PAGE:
This is why I go to work each day. I want to welcome you to our growing community. Some of you are unfamiliar with our name, but have worked with many of our staff who created the heart of Military to Medicine by delivering career assistance services as Operation Life Transformed. To OLT Alumni and friends I give my warmest welcome, as i do to our Inova Health System staff who have labored long and hard to make this dream a reality.

One thing I ask, which was asked of me when I received help from a fellow member of the military community. Join our community, provide a helping hand, (and to steal from a recent movie) “pay forward” the good that is done to you that the heart of service will beat long and strong in this land and this world that we love.

Very Respectfully,
Daniel Nichols

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Operation Life Transformed Name Changing to Military to Medicine

Please visit:  www.militarytomedicine.org 

Operation Life Transformed (OLT) has joined forces with Inova Health System to form Military to Medicine, a program that provides online healthcare training and employment opportunities for military spouses, wounded warriors and their caregivers, Veterans, National Guard, Reserve and their spouses, and service members transitioning to civilian employment.

OLT has been working cooperatively on the pilot Military to Medicine program since February 2009. Our two organizations share a similar military family mission and found that working together the training and outreach opportunities were strengthened and military families were better served. Today, Military to Medicine provides  healthcare training and placement opportunities in portable healthcare careers that readily “fit” the military lifestyle.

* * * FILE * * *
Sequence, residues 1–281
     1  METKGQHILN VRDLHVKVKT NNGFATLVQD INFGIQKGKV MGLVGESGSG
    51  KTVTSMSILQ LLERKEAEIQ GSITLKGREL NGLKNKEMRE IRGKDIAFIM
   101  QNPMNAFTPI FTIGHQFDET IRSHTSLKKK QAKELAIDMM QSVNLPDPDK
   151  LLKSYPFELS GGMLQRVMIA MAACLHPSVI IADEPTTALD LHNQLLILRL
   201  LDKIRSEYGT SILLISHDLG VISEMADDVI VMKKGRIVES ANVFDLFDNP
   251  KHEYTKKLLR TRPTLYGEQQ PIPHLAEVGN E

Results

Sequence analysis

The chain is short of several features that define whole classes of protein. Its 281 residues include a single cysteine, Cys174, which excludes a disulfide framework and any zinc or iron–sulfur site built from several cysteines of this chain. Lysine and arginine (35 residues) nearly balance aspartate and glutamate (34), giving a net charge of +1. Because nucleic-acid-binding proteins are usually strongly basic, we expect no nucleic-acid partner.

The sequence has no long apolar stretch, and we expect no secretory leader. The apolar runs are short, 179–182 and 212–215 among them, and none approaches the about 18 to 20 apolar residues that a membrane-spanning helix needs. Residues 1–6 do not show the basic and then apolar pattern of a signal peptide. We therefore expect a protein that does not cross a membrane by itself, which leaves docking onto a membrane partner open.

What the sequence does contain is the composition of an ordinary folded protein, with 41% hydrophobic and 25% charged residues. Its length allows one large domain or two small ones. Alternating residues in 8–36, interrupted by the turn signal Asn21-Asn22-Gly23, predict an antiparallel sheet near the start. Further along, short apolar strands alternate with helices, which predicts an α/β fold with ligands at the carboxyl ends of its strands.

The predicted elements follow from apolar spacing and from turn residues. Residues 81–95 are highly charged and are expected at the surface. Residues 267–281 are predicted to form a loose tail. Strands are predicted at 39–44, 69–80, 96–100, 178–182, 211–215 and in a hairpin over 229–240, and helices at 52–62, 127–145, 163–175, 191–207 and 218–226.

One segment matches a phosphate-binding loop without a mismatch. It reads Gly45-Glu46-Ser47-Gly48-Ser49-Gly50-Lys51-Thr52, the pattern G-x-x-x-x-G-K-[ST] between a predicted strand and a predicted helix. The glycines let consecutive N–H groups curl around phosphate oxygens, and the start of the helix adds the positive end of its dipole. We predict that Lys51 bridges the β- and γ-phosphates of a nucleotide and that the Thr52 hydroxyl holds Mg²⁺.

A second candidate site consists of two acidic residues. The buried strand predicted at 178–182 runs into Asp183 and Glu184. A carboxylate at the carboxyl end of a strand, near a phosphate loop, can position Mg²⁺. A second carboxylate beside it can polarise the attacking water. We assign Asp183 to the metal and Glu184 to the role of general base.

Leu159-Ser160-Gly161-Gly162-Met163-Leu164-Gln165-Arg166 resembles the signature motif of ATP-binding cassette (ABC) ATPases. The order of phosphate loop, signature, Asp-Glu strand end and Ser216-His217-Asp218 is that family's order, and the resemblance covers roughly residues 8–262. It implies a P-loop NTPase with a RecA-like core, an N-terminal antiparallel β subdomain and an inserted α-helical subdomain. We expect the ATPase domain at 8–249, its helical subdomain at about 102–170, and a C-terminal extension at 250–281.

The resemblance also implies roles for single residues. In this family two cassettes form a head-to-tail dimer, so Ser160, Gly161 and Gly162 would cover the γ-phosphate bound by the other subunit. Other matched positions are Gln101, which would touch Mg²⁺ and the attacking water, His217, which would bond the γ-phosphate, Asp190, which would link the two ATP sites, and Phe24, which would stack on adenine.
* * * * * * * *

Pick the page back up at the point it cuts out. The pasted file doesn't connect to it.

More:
Military to Medicine has seen tremendous growth and support from the military community including the Department of Defense, The Department of Labor and the U.S. Army and the Army Spouse Employment Partnership. It also has received support from other healthcare systems including the Cleveland Clinic, Sharp Healthcare, Wellstar Healthcare and the Department of Veterans Affairs’ Veterans’ Health Administration. As a not for profit organization, Military to Medicine has gained support from philanthropic entities like Cisco Systems Foundation, Elks Lodge, the Dallas and San Antonio TRIAD, and the Claude Moore Foundation.

Operation Life Transformed would like to thank you for your support in the past and we look forward to serving our military family communities under the new name Military to Medicine.

Please check out our new Web site at www.militarytomedicine.org and be sure to join our social networking site that is linked there, too. We look forward to hearing from you!


 The Military to Medicine Team



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Imprisoned In Body, But Not In Spirit……


Hello everyone!  It is Saturday, July 25, Day 34, I can’t believe it.  We traveled from Wisconsin Dells to Fond du Lac, WI.  I guess that means “the foot of the lake.”  It was truly a beautiful ride today.  We had our breakfast at 6, loaded by 6:45 and got on the road.  I got on the road fairly early this morning, I was really ready to go.  I knew that we had 83 miles, and from all the other mileage I just kind of wanted to give myself enough time to not get in too late today.  I thought I’d ride a little slower today, just because I was really kind of tiring out.  But to my great surprise, I really didn’t ride slow today at all.  I had a really great ride, I had great strength.  We did have some tailwind today, which was really helpful, and we had rolling acres of mileage and it was really, really beautiful.  The sun was out, it was really a perfect weather day, and we didn’t have any difficult climbs today.  The 83 miles turned out to be a really nice 83 miles to travel.  It was really fun.